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“Shakespeare in Love,” or How Romeo and Juliet Came to Be

Shakespeare seems to be taking the Baltimore area by storm this season, and Center Stage is no exception from that trend. “Shakespeare in Love,” based on the screenplay by Marc Norman and Tom Stoppard, is currently charming theatregoers at the fourth floor Head Theater. A celebration of the creativity and newness that often accompanies the theatre, “Shakespeare in Love” tells the fictional story of the creation of “Romeo and Juliet.”

The play begins with William Shakespeare (Nicholas Carriere) as he tries to write another play while in the middle of a spirit-crushing case of writer’s block. He puts singular lines of a play together before being forced to conduct auditions, during which he meets Viola (Emily Trask), who, disguised as a man, has come to audition for Shakespeare’s new play. Viola has previously seen Shakespeare’s plays performed at court, and she has fallen in love with the language and the poetry of his work.

Shakespeare casts her as Romeo after she performs a monologue from “Two Gentlemen of Verona,” and, as rehearsals begin and her identity is revealed, the two begin a love affair that helps fuel the remainder of the play. She is promised to another, however, and as Shakespeare comes to terms with her departure from his life, he promises to immortalize her forever in a new play called “Twelfth Night.”

The show is punctuated with wit — wit that is smart, quick, physical and mental. As Shakespeare’s cast of actors take up their mantle, they are often met with a humor most agreeable to the time period as well as to the enjoyment of the audience. Actors Richard Buchanan (Sam) and Taha Mandiviwala (Peter) shine especially with their comedic timing and do not distract from the show.

While Carriere’s and Trask’s chemistry together was certainly palpable, Carriere’s portrayal of Shakespeare was missing an element of potency in his softer and more exposed moments onstage, which often detracted from the overall vulnerability of the moment. During intermission, several audience members expressed Carriere’s performance being less like the movie than they had hoped, a choice that distinguishes Carriere’s portrayal of Shakespeare and makes him his own.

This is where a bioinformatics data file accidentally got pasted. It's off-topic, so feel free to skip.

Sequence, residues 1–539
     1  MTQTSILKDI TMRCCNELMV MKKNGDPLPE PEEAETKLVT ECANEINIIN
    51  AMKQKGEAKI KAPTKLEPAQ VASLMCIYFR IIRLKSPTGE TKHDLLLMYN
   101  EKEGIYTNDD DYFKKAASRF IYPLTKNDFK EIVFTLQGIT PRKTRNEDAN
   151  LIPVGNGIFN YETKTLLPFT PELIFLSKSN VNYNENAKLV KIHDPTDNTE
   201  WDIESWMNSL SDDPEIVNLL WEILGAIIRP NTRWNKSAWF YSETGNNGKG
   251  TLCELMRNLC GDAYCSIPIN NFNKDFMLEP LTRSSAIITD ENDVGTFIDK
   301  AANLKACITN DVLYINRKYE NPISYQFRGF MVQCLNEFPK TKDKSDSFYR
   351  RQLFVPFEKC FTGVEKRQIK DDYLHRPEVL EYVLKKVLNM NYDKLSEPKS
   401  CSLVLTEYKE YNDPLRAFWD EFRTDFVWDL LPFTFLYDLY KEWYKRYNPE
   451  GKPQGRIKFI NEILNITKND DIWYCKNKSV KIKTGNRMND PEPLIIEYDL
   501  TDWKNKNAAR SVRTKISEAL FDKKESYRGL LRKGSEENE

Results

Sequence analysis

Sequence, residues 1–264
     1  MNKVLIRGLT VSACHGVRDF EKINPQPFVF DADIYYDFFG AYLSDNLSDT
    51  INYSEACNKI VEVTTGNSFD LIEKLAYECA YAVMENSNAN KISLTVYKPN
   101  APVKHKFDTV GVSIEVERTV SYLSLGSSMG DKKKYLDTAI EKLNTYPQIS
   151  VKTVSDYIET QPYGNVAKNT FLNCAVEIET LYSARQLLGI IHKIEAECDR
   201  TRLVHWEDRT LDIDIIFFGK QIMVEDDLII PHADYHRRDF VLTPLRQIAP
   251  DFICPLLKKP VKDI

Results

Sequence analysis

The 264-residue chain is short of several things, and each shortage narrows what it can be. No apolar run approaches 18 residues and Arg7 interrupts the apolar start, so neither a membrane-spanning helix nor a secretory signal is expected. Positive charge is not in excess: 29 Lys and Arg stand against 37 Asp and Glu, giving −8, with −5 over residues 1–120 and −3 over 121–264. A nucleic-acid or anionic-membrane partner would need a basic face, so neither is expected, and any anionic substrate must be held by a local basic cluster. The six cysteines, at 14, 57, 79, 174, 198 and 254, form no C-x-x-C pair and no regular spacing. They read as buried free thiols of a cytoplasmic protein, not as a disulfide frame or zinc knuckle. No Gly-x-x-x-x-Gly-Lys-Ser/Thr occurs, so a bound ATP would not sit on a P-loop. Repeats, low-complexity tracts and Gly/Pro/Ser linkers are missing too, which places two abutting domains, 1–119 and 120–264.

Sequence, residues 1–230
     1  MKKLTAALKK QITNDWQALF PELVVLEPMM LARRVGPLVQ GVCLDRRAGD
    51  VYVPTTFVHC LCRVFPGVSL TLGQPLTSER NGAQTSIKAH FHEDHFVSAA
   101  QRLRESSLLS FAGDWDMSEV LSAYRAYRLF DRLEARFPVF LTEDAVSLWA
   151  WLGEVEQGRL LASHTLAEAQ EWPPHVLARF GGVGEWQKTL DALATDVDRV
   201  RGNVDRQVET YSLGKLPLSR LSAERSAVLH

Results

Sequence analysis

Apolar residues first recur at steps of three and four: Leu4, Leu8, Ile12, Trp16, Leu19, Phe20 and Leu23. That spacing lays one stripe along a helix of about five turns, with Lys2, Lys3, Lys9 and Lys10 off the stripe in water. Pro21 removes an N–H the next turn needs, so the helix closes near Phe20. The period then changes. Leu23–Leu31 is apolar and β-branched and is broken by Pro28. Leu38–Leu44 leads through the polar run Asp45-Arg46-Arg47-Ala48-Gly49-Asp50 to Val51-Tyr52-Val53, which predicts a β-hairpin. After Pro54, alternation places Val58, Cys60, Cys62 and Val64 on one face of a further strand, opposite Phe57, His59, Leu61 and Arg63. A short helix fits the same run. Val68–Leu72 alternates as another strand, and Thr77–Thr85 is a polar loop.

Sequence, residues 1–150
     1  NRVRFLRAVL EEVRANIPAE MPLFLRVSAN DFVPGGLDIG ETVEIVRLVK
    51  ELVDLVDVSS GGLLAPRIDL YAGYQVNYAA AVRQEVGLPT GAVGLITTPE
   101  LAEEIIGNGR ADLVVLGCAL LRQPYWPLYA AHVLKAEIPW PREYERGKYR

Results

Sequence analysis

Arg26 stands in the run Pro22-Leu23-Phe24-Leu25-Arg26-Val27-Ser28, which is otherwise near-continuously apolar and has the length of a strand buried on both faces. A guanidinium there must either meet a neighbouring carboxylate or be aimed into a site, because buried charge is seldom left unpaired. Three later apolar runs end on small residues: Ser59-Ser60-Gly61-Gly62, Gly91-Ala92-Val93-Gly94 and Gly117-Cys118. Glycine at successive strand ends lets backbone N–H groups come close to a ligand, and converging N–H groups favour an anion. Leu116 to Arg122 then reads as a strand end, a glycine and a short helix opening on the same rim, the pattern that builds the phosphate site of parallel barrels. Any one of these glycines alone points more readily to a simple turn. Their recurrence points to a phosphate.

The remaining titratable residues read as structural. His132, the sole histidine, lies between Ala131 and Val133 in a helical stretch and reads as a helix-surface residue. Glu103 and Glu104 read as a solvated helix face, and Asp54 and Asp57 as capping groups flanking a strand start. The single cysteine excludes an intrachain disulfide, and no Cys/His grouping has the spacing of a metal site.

The costumes, designed by Kathleen Geldard, were absolutely exquisite, but none more exquisite than those worn by Naomi Jacobsen as Queen Elizabeth I. The dresses truly take one’s breath away. The two-level set, designed by Tim Mackabee, was equally innovative, and the multiple levels left room for increased shenanigans between cast members and, of course, a balcony scene for Shakespeare and Viola.

Director Blake Robison’s commitment to diversity throughout casting was especially refreshing considering the limited number of female-presenting roles within this play. Perhaps the star of the show, however, was the delightful Chihuahua, Meatball, played by a real-life Chihuahua named Spot. He made his acting debut in “Shakespeare in Love” and certainly managed to impress the queen, so this good boy will surely be offered many more parts in future productions.

Tickets to “Shakespeare in Love” are available on their website and sold between $20 and $74. The show runs until November 26, and Center Stage is located at 700 North Calvert Street.